In the case at bar, the trial court determined that the 1970 judgment and decree of divorce placing the property of the tenants in common in the exclusive possession of one tenant worked an impediment to partitioning.   In both cases cited by the trial court, Rathkamp, supra, and Wallace, supra, the petition for partitioning was dismissed or denied because the petitioner's share of the property (and the concomitant right to partition) was burdened by the terms of the divorce judgment.   In each case, the judgment of divorce incorporated the terms of the parties' settlement agreement wherein the former spouse now seeking partitioning had agreed to burden his share of the property by contractually surrendering his right to partition.  Wallace v. Wallace, supra, 260 Ga. 400, 396 S.E.2d 208 (in a settlement agreement incorporated into the judgment of divorce, husband and wife created a joint tenancy in the marital home, with wife given exclusive possession of the home);  Rathkamp v. Rathkamp, supra, 136 Ga.App. 423, 221 S.E.2d 221 (divorce decree incorporated settlement agreement that gave non-petitioning spouse the right to live in the house until one of several conditions was met).   See also Bowers v. Bowers, supra, 208 Ga. 85(2), 65 S.E.2d 153 (where divorcing husband and wife own property jointly and give each other the right to purchase the other's interest should either wish to sell his or her interest, neither party nor the grantee of either party is entitled to partition in lieu of honoring the agreement);  Hughes v. Hughes, 169 Ga.App. 850, 314 S.E.2d 920 (1984) (where divorcing parties entered into agreement incorporated into divorce judgment that gave wife the right to occupy the marital home, surviving wife of now-deceased husband cannot seek partition of marital home against former wife since deceased husband could not have sought partition).

 The determining factor in holding that a non-possessing tenant in common is not entitled to partition is that the requesting tenant has agreed to surrender his right to partition.  “The right of partition may be surrendered by contract․”  Pindar, § 7-103.   Where a party expressly or impliedly agrees to relinquish his right to partition, partition will not be granted.  Mansour Properties, supra, 277 Ga. at 634, 592 S.E.2d 836.   In the case at bar, the parties did not execute an agreement by which Harvey surrendered his right to partition.   Where a non-possessing tenant in common has not agreed to give up his right to partition, that right is not extinguished by a judgment imposed upon him.  Northern New Hampshire etc. v. Cannell, 134 N.H. 519, 593 A.2d 1161 (1991) (waiver of right to partition found only when divorcing parties have entered into an agreement to hold the property as tenants in common with one tenant having the continued use or possession of the property).   But see Hulslander v. Hulslander, 55 Ill.App.3d 981, 13 Ill.Dec. 717, 371 N.E.2d 652 (1977) (by participating in the divorce proceedings and seeking resolution through that proceeding, tenant in common waived the right to partition the property).   To the extent Blalock v. Blalock, supra, 250 Ga. 862, 301 S.E.2d 876, and White v. White, 253 Ga. 388, 320 S.E.2d 757 (1984), can be read as finding a relinquishment of the right to partition in a judicial decree not supported by an agreement, they are disapproved.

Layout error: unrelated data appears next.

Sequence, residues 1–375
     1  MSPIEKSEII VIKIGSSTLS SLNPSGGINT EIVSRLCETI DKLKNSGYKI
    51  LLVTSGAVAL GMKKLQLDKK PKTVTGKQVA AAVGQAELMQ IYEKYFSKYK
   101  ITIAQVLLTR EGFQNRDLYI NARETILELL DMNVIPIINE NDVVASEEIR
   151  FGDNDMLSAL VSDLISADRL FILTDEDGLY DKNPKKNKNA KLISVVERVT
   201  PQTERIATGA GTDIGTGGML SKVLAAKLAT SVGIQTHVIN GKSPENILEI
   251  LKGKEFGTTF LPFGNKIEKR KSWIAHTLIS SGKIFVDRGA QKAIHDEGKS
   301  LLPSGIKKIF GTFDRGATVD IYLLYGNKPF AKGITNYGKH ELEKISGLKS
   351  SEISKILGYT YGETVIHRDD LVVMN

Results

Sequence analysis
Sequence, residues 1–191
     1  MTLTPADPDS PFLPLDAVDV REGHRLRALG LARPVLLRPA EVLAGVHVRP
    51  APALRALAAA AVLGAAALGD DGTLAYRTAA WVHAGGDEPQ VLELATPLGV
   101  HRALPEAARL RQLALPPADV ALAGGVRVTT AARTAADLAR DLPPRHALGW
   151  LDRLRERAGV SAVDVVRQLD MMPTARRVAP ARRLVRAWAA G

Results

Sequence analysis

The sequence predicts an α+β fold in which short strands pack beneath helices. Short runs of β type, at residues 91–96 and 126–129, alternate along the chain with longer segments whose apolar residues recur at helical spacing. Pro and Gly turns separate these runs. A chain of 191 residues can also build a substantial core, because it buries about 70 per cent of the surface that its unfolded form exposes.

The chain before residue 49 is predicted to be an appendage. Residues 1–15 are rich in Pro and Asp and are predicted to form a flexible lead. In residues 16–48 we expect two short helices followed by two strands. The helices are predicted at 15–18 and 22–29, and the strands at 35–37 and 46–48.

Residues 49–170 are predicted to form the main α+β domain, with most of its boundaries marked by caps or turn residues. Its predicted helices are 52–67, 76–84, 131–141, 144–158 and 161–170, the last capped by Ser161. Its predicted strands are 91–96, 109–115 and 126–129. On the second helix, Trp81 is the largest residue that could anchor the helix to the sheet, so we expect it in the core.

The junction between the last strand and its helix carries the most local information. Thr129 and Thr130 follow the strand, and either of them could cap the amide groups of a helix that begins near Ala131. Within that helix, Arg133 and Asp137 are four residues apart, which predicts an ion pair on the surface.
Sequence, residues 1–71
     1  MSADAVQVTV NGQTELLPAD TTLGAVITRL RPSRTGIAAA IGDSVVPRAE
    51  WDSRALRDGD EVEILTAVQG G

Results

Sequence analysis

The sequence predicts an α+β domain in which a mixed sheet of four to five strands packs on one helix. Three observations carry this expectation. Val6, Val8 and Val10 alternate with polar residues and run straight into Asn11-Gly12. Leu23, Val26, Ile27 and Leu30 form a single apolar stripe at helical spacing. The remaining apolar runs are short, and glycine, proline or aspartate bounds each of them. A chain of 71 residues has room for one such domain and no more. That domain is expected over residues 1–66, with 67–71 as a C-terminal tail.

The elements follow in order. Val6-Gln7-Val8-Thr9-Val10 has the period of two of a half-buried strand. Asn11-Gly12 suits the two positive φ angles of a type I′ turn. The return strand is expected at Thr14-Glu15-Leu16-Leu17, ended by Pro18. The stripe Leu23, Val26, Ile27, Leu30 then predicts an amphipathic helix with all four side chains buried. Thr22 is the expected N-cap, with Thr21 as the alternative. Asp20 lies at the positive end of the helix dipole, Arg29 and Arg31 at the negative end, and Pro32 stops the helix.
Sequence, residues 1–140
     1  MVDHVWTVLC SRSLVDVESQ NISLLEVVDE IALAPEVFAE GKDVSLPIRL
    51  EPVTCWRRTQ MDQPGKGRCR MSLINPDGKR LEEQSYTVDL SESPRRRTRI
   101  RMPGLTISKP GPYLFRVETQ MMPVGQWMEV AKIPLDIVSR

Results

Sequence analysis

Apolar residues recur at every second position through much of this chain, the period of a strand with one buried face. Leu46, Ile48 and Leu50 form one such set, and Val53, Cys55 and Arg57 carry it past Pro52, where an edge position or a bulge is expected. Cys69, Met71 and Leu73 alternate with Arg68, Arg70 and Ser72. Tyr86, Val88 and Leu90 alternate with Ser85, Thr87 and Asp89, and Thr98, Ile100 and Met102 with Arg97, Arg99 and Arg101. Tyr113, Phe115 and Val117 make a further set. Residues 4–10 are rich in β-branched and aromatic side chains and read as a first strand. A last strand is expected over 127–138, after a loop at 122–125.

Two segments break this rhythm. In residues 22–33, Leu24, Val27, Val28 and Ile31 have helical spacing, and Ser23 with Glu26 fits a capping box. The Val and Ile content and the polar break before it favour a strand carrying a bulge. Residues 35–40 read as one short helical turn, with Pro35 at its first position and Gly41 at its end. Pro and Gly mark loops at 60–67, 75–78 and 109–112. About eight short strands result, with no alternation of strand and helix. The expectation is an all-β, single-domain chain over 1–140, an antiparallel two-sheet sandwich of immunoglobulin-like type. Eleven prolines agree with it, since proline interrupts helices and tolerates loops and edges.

In the absence of appellant's contractual relinquishment of his right to partition, it was error to grant summary judgment to appellee on appellant's complaint for partition.

Judgment reversed.

I respectfully dissent to the majority's opinion.   As we stated in Blalock v. Blalock, 250 Ga. 862, 301 S.E.2d 876 (1983),

[i]t is true that the parties do each hold a one-half undivided interest in the subject property.   However, the parties' divorce decree, which was rendered approximately [36] years before the filing of the complaint in this case, gives the defendant the right to [permanent possession of] the property.   The plaintiff has alleged no facts showing that the defendant has been, or should be, divested of this right.

Contrary to the majority's conclusion, I would recognize that Harvey implicitly agreed to relinquish his right to partition the property when he failed to appeal the 1970 divorce decree in order to challenge its provision granting Sessoms permanent possession of the property.   I thus cannot agree with the majority's reversal of the trial court's grant of summary judgment to Sessoms or its disapproval of White v. White, 253 Ga. 388, 320 S.E.2d 757 (1984) and Blalock, supra.

BENHAM, Justice.

All the Justices concur, except HUNSTEIN, P.J., who dissents.